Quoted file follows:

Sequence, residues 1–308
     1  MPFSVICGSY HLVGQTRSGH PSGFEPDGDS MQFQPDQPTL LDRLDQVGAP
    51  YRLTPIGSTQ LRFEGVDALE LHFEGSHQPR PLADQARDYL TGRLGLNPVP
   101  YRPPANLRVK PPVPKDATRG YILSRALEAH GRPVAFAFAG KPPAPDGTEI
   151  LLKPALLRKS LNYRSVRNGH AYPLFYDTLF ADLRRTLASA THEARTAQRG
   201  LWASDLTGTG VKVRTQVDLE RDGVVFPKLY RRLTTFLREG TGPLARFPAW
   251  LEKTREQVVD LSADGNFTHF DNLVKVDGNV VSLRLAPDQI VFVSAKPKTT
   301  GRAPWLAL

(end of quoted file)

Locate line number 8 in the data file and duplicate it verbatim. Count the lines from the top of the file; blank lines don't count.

   301  GRAPWLAL